Monday, December 12, 2016

The Key Component to a Successful Job Interview

For years I’ve counseled candidates who are preparing themselves for a face to face job interview.  There are several important topics for discussion and consideration. 
A key component to a successful job interview experience is “rapport.”

Rapport is often defined in these terms: relation, connection, especially harmonious or sympathetic relation.
Rapport is a good sense of understanding and trust. If you have rapport with someone, you two communicate with trust and sympathy. The word is often used to mean good interaction between people in different positions.
Building rapport is all about matching ourselves with another person.  For many, starting a conversation with a stranger is a stressful event; we can be lost for words, awkward with our body language and mannerisms.  Creating rapport at the beginning of a conversation with somebody new will often make the outcome of the conversation more positive. 

  • Talk about established shared experiences, the weather, how you travelled to where you are.  Avoid talking too much about yourself and avoid asking direct questions about the other person.
  • Listen to what the other person is saying and look for shared experiences or circumstances - this will give you more to talk about in the initial stages of communication.
  • Try to inject an element of humor.  Laughing together creates harmony, make a joke about yourself or the situation/circumstances you are in but avoid making jokes about other people.
  • Be conscious of your body language and other non-verbal signals you are sending.  Try to maintain eye contact for approximately 60% of the time.  Relax and lean slightly towards them to indicate listening, mirror their body-language if appropriate.

We create and maintain rapport subconsciously through matching non-verbal signals, including body positioning, body movements, eye contact, facial expressions and tone of voice with the other person.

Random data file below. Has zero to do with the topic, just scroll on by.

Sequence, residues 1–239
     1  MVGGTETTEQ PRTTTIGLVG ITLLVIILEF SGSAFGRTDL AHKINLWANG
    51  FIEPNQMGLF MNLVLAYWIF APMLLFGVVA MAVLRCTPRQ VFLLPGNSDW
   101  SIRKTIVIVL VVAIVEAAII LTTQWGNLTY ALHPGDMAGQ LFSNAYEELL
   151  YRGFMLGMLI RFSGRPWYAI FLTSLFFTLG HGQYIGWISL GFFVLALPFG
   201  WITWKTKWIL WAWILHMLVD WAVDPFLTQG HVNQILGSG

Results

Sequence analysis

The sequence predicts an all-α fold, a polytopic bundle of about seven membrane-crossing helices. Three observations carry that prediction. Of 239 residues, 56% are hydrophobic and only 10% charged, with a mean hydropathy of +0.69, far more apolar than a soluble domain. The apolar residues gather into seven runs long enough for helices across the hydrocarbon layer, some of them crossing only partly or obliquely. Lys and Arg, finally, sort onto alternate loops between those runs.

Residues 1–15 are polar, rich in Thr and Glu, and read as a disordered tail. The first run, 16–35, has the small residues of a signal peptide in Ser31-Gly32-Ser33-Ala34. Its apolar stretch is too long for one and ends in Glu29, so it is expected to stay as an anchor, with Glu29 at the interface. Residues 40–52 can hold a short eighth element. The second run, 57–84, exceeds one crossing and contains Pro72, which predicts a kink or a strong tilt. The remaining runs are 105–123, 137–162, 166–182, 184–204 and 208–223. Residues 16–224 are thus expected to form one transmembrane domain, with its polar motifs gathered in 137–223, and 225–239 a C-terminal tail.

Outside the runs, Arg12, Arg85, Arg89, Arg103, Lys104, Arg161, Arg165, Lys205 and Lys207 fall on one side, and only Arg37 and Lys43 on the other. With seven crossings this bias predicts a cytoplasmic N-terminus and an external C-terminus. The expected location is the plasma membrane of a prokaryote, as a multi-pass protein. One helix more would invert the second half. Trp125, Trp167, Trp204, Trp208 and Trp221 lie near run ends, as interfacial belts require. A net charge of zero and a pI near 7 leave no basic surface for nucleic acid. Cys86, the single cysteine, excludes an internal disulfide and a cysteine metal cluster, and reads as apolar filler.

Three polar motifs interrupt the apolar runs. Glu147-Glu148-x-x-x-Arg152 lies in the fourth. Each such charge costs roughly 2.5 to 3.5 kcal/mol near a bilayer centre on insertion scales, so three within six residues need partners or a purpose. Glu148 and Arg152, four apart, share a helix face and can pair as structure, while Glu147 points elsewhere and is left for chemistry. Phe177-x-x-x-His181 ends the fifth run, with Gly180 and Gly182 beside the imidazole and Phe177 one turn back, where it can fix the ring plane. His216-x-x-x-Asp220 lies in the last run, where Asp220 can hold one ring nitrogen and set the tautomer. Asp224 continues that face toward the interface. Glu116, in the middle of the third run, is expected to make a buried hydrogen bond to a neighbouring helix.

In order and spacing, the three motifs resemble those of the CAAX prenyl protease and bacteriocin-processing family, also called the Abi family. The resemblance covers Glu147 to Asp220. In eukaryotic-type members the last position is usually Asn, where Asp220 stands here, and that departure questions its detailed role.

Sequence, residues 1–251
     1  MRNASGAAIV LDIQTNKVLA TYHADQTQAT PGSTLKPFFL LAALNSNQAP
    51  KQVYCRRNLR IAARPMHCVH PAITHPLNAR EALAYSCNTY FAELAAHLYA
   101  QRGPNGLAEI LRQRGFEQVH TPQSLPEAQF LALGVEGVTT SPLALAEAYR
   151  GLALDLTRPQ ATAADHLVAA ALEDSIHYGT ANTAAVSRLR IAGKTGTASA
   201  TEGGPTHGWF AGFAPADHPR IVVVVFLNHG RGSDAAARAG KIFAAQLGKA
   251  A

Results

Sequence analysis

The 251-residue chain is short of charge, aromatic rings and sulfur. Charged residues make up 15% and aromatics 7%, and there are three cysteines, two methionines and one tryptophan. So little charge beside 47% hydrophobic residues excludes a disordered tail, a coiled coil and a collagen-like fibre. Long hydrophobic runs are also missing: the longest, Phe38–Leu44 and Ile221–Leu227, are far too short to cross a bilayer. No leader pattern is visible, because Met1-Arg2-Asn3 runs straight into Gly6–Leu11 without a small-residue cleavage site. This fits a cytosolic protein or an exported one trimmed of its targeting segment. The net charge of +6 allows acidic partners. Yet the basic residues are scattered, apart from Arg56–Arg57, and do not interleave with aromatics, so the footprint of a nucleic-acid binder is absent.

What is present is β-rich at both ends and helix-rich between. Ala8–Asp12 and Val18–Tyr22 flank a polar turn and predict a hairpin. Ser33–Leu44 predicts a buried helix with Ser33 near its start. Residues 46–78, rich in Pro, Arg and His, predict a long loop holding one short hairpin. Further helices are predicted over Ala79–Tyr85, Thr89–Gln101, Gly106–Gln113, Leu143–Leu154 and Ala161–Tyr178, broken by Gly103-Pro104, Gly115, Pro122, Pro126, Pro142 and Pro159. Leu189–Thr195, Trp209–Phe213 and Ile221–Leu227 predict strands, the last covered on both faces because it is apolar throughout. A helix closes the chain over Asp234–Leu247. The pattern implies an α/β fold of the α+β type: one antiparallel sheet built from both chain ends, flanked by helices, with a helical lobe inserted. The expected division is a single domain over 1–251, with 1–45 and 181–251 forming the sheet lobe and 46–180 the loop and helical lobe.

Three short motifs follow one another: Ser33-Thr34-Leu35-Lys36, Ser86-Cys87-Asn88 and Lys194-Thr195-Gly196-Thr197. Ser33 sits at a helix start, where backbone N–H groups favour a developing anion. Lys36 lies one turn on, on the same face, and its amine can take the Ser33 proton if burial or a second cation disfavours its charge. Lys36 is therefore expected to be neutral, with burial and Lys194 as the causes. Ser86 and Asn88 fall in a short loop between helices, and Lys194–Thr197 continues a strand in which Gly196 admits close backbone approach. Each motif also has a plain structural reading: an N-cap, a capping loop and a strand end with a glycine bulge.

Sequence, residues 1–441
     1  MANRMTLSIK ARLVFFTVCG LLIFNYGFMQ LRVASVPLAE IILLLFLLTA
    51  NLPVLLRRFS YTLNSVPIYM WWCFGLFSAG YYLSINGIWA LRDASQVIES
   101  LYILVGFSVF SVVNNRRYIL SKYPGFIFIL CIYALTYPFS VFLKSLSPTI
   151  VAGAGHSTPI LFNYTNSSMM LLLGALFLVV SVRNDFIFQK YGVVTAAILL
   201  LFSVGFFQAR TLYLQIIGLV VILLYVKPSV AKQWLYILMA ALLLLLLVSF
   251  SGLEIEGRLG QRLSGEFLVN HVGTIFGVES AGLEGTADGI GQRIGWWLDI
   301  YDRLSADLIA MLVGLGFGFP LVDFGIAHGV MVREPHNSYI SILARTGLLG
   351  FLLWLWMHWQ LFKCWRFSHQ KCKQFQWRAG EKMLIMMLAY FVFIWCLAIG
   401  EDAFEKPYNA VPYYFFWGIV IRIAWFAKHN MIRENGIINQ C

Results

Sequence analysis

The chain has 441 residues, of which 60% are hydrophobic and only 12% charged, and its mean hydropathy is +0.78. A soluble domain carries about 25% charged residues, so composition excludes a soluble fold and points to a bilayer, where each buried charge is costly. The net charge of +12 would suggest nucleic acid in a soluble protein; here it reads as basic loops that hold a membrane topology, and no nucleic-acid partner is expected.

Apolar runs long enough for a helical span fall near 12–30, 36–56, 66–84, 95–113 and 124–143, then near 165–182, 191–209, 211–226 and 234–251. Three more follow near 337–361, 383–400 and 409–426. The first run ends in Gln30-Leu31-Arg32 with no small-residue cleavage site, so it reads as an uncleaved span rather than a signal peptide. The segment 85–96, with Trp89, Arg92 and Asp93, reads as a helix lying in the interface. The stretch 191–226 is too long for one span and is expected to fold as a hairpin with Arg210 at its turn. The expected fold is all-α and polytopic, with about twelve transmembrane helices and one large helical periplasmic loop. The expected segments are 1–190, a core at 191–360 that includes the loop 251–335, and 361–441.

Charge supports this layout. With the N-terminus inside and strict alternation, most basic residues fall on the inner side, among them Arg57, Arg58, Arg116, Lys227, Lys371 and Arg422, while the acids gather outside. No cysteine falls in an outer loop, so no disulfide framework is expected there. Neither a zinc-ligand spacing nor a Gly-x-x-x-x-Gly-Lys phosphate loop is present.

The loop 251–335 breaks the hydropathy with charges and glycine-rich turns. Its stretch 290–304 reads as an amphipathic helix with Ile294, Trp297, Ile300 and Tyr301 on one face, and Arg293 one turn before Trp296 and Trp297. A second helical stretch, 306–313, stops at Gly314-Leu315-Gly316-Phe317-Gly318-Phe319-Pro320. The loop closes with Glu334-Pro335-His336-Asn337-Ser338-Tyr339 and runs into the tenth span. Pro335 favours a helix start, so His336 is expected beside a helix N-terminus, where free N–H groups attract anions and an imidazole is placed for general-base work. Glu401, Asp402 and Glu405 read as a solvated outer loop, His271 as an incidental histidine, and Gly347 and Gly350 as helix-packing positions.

It is important that appropriate body language is used; we read and instantly believe what body language tells us, whereas we may take more persuading with vocal communication.  If there is a mismatch between what we are saying verbally and what our body language is saying then the person we are communicating with will believe the body language. 
Building rapport, therefore, begins with displaying appropriate
body language - being welcoming, relaxed and open.

Reflecting back and clarifying what has been said are useful tactics for repeating what has been communicated by the other person.  Not only will it confirm that you are listening but also give you opportunity to use the words and phases of the other person, further emphasizing similarity and common ground.
The way we use our voice is also important in developing rapport...When we are nervous or tense we tend to talk more quickly, this in turn can make you sound more tense and stressed. We can vary our voices, pitch, volume and pace in ways to make what we are saying more interesting but also to come across as more relaxed, open and friendly.  Try lowering your tone, talk more slowly and softly, this will help you develop rapport more easily.

Here is a recent article from the Wall Street Journal very applicable to this topic:

Scot Dickerson, CPC | President | Capstone Search Group